Emmy-nominated PSA highlights volunteer firefighter shortage
Fire service leaders say finding dedicated volunteers, particularly young people, has been getting harder over the past several years
The Hartford Courant
A public service announcement that spotlights the shortage of volunteer firefighters in Connecticut is up for an Emmy award.
Shot by professional cinematographer and Hebron volunteer firefighter Matthew Troy, “See You Out There” features 85 volunteers from 16 departments across the state. The regional Emmy awards are to be presented on June 15 in Boston.
Troy’s spot, done in 30-, 60- and 90-second versions, emphasizes pride in service, the wide range of day jobs that volunteers hold and the variety of tasks they perform during emergencies. Firefighters are shown battling a blaze, peeling the roof from a crashed car and rushing to water and forest rescues.
The scenes, all of which were staged, were shot over three days as part of the Everyday Hero CT recruitment campaign. A Hebron native and New York City-based cinematographer who does mostly commercial work, Troy said the Connecticut Fire Chiefs Association and the International Association of Fire Chiefs hired him using a grant from the Federal Emergency Management Association.
Troy, 31, now lives in Fairfield, but said he goes back to Hebron every month for about 40 hours to fill EMT shifts and complete training with his fellow volunteers.
Fire service leaders say finding such dedicated volunteers, particularly young people, has been getting harder over the past several years.
“We’re starting to feel the pinch,” South Windsor Fire Chief Kevin Cooney said.
Connecticut has more than 300 fire departments staffed by about 26,000 firefighters, 83 percent of whom are volunteers. They can be called on 24/7 to enter burning buildings, rescue stranded hikers, extricate car crash victims and provide emergency medical services.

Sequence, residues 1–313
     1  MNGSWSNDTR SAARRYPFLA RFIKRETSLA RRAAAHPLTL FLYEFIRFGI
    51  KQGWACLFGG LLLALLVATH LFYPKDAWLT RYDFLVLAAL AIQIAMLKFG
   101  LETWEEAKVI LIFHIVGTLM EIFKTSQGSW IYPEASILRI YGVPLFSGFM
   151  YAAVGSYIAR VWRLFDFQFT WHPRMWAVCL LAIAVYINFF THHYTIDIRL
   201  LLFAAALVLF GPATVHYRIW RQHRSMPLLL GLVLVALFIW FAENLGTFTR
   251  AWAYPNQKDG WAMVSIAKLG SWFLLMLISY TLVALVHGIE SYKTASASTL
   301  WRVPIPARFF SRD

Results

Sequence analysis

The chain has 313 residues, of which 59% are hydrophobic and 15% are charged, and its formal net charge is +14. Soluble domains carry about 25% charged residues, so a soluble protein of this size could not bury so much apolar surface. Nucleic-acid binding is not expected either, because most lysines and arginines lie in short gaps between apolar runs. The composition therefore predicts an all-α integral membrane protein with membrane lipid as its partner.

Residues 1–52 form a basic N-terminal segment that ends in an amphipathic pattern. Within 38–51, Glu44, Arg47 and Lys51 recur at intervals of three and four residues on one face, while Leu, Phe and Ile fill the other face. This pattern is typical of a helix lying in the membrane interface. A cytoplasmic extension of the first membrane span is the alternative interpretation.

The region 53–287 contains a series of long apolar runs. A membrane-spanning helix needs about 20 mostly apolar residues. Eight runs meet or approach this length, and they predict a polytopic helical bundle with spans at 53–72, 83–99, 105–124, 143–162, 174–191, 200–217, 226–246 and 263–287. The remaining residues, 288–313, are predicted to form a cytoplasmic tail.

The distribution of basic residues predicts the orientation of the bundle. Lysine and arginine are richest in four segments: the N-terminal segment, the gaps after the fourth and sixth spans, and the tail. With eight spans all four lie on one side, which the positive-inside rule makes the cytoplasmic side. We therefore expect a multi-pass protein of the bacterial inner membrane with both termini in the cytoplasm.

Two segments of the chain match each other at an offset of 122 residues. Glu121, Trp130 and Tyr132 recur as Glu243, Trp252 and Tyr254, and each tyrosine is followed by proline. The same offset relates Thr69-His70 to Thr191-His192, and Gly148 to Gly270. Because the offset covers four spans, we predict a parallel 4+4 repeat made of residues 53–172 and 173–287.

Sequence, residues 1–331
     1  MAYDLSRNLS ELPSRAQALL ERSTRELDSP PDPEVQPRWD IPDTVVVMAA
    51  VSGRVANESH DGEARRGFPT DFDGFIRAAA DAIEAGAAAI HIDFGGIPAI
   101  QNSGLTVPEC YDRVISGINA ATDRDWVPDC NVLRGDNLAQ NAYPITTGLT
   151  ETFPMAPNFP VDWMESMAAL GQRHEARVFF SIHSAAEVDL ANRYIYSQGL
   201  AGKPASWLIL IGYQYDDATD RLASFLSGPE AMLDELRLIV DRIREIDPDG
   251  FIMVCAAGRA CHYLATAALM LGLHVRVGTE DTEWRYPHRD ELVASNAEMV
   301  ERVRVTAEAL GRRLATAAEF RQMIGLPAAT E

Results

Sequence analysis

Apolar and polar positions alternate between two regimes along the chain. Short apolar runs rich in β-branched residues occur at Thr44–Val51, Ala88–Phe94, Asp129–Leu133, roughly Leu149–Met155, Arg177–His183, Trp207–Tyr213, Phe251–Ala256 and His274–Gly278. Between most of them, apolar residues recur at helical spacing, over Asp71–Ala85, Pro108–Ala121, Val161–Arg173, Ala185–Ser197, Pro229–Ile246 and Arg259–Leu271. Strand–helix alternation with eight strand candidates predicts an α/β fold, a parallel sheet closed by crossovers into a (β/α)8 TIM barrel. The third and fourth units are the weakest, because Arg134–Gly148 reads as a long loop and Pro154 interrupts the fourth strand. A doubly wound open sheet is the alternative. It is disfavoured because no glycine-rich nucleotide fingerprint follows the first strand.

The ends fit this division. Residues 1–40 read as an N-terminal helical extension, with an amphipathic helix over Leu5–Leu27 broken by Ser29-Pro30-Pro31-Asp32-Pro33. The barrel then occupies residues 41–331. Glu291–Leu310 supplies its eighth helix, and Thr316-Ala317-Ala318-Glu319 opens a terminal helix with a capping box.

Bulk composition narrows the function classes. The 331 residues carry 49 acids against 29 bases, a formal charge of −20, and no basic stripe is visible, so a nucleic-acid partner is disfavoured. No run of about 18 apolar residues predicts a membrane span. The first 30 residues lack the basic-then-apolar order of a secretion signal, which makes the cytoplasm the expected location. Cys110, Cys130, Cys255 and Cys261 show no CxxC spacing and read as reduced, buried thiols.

Most departments in the state are experiencing a volunteer shortage, fire service leaders say. Fire chiefs say they need volunteers of all skill levels and abilities, people willing and able to respond to emergencies and support personnel such as fire police and administrative assistants.
To keep and attract volunteers, the South Windsor department offers incentives that include a tax break, a “length of service award” that typically pays $200 to $300 a month to retired firefighters and a payment of $8 for each emergency call. The department now requires firefighters to live in town, but leaders are considering opening the service to non-residents, Cooney said.
Some volunteer departments already accept out-of-towners and others allow students to live in fire stations in return for service, retired Killingworth Fire Chief Fred Dudek said. A volunteer firefighter for 45 years, Dudek manages the Everyday Hero CT recruitment program, the organization behind Troy’s PSA.
Across the state, the shortage of volunteers has not reached a critical point, but some departments “are on the edge,” Dudek said. Twenty years ago, 30 percent of volunteers over age 40 had 10 years or more of service. That figure is now about 42 percent, an indication that older volunteers are hanging on, but not enough young replacements are signing up, Dudek said.
One problem is that many young people cannot afford to live in some towns with volunteer departments, he said. Another factor is the fast pace of modern life and all the other tasks and attractions that capture people’s attention, Dudek said.
Rocky Hill’s department has had a recruitment and retention officer for about five years, staff Capt. Frank Kelley said. Active membership has been shrinking for about six years, and the time when many firefighters were in the service for 20-30 years appears to be past, Kelley said.
But there is hope. More women have been applying to become firefighters and two immigrants from India, part of the town’s growing population from that country, recently joined the ranks, Kelley said.
“If you’re willing to jump into a pair of boots and volunteer for your hometown, we don’t care who you are,” he said. “It’s truly a family.”
The Everyday Hero CT spot ends with a plea:
“So, what are you waiting for? Are you ready to make a difference? Are you ready to join our team? Your community needs you. We need you.”
©2019 The Hartford Courant (Hartford, Conn.)